But it might have been the wagon bodystyle that sealed the deal. We could fit the stroller inside and still had room left to change a diaper behind it, all while under shelter from the rain. Plus you can fit a box about 4 times bigger, plus a roof rack expands capacity even further, there is no comparison.

  • ahossaahossa Posts: 152
    I don't know how many of you saw the actual Dateline crash tests but O'Neal noted that he wished many more manufacturers of mid priced cars would put the side air bags as an option as Nissan did with the Altima. Quite frankly, I thought the Altima would have done worse because of the cost cutting and the use of aluminum on the hood and trunk and engine.Now i hope the correct the interior and road noise for the 03 model
  • alpha01alpha01 Posts: 4,747
    Im interested to know why you would think that aluminum would be less able to manage crash forces. I also find it a bit strange that you would somehow correlate an aluminum block engine with a poorer crashworthiness. In any case, I agree with the IIHS statement that even in frontal crashes (severe ones), side head protection airbags should inflate to restrain dummy motion.. this seems like a no-brainer, so I wonder why we dont see more systems (in those vehicles so equipped)inflating in the IIHS test.
  • bigzheng17bigzheng17 Posts: 81
    i really like the awd of subaru, but since i don't see a lot of them on street (at least not here), i got a bit worried about why people are not buying it. i'll probably transfer to a college in canada in one or two years from south u.s., so awd does look very nice.
  • implicitimplicit Posts: 41
    Isn't aluminum weaker then steel or iron? The last time I heard it was. I think it's more he inner structure and cage of the car that prevents the crash then the hood and engine.
  • ateixeiraateixeira Posts: 72,587
    jz: people buy Outbacks, Legacys are almost invisible. *sigh*

    It'll be interesting to see the new Murano, though it looks like prices will put it against high-end Highlanders.

  • porknbeansporknbeans Posts: 464
    If my memory from structural analysis in college serves me right, steel (not an alloy or treated in a special manner) does NOT have the same strength as aluminum. The strength to weight ratio of aluminum is much higher than steel. The difficulty with aluminum is the welding/connection process. Audi has been able to work out a majority of the problems in co-operation with Alcoa. They use this technology on their A8. I believe they are also looking to let this technology trickle down to some of their other products. Probably to help in their pursuit of becoming a head to head competitor of BMW.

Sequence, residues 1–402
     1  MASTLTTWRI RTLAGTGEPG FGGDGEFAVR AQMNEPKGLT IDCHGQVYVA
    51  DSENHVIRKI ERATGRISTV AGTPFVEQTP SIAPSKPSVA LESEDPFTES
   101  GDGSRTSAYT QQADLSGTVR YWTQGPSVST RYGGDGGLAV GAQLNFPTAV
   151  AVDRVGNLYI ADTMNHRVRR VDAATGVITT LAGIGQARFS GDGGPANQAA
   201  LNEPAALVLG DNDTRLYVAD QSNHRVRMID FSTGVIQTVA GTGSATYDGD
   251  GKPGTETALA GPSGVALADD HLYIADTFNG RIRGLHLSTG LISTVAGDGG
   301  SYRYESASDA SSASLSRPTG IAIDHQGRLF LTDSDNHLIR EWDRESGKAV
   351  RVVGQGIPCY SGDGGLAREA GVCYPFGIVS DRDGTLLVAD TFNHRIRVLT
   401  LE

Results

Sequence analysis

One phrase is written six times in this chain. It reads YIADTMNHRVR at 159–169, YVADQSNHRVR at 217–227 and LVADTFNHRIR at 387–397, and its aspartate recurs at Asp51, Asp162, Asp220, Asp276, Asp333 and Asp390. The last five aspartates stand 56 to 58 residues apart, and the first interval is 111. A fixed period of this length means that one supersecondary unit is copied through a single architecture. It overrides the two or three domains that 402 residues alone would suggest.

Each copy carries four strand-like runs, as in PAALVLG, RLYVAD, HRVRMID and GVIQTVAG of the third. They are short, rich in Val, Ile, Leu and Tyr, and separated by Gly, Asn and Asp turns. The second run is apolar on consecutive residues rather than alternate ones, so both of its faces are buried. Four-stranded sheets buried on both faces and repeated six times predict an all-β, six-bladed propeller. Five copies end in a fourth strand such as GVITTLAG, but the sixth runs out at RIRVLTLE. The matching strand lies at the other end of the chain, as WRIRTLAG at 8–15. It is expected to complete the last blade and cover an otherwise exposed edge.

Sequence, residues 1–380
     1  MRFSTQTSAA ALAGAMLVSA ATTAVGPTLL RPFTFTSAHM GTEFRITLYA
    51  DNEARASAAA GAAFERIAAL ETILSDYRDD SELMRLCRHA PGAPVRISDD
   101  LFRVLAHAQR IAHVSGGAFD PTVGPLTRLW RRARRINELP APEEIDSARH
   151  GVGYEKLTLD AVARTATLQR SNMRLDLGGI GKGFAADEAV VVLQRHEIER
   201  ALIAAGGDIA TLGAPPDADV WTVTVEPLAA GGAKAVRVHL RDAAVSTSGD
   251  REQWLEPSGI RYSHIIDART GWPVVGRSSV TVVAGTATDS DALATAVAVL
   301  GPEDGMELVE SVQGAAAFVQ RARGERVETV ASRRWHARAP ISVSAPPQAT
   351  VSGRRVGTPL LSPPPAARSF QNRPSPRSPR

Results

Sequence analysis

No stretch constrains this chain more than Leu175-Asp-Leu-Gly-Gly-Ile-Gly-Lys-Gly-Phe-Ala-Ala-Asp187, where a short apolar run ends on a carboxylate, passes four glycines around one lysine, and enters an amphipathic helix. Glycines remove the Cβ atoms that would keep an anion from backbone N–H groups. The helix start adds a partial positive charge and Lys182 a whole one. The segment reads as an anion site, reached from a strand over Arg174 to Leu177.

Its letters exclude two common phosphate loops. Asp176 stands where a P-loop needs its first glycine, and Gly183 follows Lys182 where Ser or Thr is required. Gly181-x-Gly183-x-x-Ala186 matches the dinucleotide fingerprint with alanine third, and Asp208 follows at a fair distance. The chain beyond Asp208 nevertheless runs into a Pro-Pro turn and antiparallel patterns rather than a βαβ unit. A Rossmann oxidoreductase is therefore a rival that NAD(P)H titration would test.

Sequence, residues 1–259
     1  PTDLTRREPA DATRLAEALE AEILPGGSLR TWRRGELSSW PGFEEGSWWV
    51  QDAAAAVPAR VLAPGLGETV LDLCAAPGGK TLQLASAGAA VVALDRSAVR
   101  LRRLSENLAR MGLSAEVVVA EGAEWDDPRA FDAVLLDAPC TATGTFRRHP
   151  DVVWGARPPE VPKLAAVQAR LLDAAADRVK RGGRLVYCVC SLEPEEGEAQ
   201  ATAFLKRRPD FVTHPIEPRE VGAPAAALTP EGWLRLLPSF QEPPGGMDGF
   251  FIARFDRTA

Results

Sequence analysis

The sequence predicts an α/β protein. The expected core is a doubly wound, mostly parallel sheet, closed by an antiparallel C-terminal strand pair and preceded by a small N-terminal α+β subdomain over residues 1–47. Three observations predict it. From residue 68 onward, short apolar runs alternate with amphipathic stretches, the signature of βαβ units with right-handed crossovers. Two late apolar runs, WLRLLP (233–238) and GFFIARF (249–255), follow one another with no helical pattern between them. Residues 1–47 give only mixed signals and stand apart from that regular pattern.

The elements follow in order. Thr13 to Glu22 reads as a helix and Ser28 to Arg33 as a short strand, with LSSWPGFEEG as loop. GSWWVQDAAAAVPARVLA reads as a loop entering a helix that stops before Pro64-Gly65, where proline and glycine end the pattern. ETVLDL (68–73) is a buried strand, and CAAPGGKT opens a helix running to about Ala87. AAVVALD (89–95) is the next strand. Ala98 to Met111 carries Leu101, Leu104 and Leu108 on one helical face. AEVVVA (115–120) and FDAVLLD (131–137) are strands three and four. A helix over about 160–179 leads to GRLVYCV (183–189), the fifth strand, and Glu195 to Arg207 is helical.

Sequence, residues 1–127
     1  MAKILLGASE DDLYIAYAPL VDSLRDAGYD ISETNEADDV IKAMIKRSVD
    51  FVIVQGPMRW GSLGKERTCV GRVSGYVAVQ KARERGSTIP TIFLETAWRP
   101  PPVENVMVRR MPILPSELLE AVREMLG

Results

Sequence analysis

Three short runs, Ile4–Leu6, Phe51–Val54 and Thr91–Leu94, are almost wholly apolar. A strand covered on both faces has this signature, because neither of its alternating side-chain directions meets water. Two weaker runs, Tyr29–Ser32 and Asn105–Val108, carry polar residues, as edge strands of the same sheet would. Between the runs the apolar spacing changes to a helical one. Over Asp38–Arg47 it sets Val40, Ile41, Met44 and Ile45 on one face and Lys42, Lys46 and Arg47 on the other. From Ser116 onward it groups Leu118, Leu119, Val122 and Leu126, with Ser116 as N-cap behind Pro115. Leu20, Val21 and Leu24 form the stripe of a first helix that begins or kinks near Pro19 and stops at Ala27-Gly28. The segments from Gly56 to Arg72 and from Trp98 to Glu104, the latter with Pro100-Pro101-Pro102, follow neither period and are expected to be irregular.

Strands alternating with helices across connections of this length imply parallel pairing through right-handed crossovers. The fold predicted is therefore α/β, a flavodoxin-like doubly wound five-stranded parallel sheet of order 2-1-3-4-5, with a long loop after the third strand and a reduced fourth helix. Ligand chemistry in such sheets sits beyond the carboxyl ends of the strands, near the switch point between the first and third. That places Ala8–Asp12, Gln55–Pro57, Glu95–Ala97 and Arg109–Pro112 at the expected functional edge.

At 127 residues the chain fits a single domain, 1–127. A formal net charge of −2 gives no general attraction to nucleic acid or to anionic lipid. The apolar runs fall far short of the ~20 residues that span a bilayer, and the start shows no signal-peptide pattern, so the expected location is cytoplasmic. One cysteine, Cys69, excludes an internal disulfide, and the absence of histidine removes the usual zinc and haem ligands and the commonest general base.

• obiwankenobi1obiwankenobi1 Posts: 290
    In a flat 4-cylinder configuration by Subaru is smoooooooth!

    I got to drive an 02 Forester at my last job and it had the smoothest 4 banger I had ever experienced.

  • cnackcnack Posts: 7
    Thanks jmfreshour and porknbeans for the suggestions. Sounds like I need to break down and spend some $ to get it fixed. :(
  • ateixeiraateixeira Posts: 72,587
    Cool job, I'd love a company car! :-)

  • vocusvocus Posts: 7,777
    I loved the days when I was an assistant fleet manager of an engineering company. I was all of 20 years old, and running around town in cars like Explorer Eddie Bauers and Volvos. I just knew I was hot stuff, having a different car every other day. Boy, I miss those days. :(
  • I WISH it was a company car, but I sold vehicles for an auto broker, so I experienced quite a few drives in cheap to exotic vehicles.

    Cheapest New Test Drive: 2001 Toyota Echo :(
    Most Expensive New Car Test: 2001 Porsche Turbo :)

  • patpat Posts: 10,421
    The Town Hall is about to take on a new look in an effort to make content more easily searchable and accessible.

    Have you seen the Letter from the Town Hall Manager on the Town Hall Welcome page? If not, you might want to follow that link to have a look.

    And hang on to your seats. Change is never easy - for any of us - but resolving the Search problems we've had will be worth the pain.

    Sedans Host
  • implicitimplicit Posts: 41
    Alone as a metal I don't think Aluminum is stronger then steel. What makes it stronger is when it crumples. When the metal folds into its self it strengthens.
  • porknbeansporknbeans Posts: 464
    Thank you, I stand corrected.